(5/499) Physical activity assessment in population surveys: can it really be simplified?
BACKGROUND: Several studies have used a simplified approach for the assessment of physical activity such as the frequency of exercise-induced sweating. In this study leisure-time physical activity has been assessed using this and another more detailed measure. SUBJECTS AND METHODS: A sample of 4171 adults answered the Health Interview Survey of Barcelona in 1992. The respondents were classified into categories depending on participation in moderate and/or intense physical activity (> or =20 min) and also according to the frequency of exercise-induced sweating: 0, 1-2 and > or =3 times/week. Agreement between the two measures was calculated using the weighted Kappa (Kw) statistic with 95% confidence intervals (95% CI). Stratified analyses were performed. RESULTS: Prevalence of physical activity > or =3 times/week was lower with the sweat question (12.5%) than with the questions about the frequency of performance of selected activities (19.6%). The physical activity patterns by age, gender and overweight were similar for the two measures, but differed by month of the year. Agreement was lower among the older age categories and was higher among males (Kw = 0.59, 95% CI: 0.57-0.62) than among females (Kw = 0.48, 95% CI: 0.46-0.50). Overall, the agreement was higher in the hotter months (Kw = 0.72 among males and 0.58 among females). CONCLUSIONS: In the assessment of physical activity in the population by means of the sweat question there can be interference from other variables, apart from the intensity of the activity, which influence sweating during the exercise. Further assessments of the validity of exercise-induced sweating in representative samples of the general population would be useful. (+info)
(6/499) Core temperature and sweating onset in humans acclimated to heat given at a fixed daily time.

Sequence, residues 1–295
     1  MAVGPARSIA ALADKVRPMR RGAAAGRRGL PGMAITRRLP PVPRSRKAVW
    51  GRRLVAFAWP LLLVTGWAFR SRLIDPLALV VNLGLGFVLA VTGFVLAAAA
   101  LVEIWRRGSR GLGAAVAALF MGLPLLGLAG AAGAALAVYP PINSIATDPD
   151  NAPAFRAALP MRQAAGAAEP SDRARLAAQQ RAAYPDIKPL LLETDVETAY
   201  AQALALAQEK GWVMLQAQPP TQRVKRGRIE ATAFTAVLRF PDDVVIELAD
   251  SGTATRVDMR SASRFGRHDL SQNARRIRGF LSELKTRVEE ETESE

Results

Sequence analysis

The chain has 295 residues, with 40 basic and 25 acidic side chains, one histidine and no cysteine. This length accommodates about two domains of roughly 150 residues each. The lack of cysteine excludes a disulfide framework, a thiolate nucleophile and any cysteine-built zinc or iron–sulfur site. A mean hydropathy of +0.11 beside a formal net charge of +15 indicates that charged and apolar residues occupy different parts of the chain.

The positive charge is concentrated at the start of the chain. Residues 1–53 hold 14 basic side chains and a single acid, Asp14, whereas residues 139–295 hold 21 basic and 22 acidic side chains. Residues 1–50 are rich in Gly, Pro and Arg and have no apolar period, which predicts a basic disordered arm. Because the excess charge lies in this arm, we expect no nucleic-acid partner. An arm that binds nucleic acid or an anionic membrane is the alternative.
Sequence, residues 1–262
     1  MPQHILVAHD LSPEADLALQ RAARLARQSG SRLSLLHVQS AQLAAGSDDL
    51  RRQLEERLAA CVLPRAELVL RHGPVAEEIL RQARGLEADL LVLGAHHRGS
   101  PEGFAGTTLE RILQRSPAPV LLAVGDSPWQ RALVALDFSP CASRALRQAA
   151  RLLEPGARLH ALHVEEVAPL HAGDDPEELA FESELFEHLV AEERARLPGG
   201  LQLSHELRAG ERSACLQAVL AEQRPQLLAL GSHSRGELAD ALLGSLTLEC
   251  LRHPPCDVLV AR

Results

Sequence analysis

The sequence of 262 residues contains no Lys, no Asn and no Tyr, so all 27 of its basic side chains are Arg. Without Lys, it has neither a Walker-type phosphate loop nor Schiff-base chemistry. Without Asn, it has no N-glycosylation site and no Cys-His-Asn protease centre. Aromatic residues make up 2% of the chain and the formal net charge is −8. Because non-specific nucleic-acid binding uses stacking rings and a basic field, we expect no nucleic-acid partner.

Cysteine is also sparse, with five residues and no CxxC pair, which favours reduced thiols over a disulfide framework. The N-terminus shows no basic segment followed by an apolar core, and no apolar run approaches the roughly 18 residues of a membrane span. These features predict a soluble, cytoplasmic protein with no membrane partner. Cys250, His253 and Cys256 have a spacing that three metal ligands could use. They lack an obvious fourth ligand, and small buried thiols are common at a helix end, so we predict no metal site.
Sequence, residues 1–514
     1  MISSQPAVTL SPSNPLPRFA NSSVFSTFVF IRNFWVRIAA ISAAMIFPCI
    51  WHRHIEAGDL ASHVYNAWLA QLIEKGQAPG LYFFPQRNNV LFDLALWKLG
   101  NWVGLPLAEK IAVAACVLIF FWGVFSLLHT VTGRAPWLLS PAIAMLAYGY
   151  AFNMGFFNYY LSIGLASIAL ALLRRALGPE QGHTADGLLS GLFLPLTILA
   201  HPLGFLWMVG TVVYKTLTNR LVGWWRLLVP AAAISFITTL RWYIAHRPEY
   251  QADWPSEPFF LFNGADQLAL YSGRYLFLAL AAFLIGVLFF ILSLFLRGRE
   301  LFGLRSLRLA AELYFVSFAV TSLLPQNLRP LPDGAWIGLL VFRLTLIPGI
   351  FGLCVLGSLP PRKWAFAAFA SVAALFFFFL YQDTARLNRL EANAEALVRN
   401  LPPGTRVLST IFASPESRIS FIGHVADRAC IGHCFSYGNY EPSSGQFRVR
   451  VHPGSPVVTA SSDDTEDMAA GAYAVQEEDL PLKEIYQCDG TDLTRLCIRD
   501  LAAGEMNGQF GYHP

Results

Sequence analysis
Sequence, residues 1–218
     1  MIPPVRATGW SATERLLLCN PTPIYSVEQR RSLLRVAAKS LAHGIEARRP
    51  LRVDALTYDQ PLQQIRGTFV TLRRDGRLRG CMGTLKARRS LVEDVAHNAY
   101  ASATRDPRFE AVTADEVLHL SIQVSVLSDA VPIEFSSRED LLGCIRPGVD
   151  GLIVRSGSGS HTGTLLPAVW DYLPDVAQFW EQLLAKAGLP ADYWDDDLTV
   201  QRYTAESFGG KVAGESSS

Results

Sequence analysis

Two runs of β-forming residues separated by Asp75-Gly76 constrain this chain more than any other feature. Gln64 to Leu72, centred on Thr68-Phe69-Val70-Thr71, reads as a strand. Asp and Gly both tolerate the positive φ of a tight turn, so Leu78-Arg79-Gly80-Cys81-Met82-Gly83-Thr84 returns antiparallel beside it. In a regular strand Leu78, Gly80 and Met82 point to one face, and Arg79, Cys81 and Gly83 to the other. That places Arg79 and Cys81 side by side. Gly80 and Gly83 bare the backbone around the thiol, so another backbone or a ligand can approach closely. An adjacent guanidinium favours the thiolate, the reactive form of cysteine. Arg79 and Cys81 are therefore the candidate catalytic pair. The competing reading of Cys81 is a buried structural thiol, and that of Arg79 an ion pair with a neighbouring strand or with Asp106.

The thermoregulatory functions of rats acclimated to heat given daily at a fixed time are altered, especially during the period in which they were previously exposed to heat. In this study, we investigated the existence of similar phenomena in humans. Volunteers were exposed to an ambient temperature (Ta) of 46 degrees C and a relative humidity of 20% for 4 h (1400-1800) for 9-10 consecutive days. In the first experiment, the rectal temperatures (Tre) of six subjects were measured over 24 h at a Ta of 27 degrees C with and without heat acclimation. Heat acclimation significantly lowered Tre only between 1400 and 1800. In the second experiment, six subjects rested in a chair at a Ta of 28 degrees C and a relative humidity of 40% with both legs immersed in warm water (42 degrees C) for 30 min. The Tre and sweating rates at the forearm and chest were measured. Measurements were made in the morning (0900-1100) and afternoon (1500-1700) on the same day before and after heat acclimation. Heat acclimation shortened the sweating latency and decreased the threshold Tre for sweating. However, these changes were significant only in the afternoon. The results suggest that repeated heat exposure in humans, limited to a fixed time daily, alters the core temperature level and thermoregulatory function, especially during the period in which the subjects had previously been exposed to heat. (+info)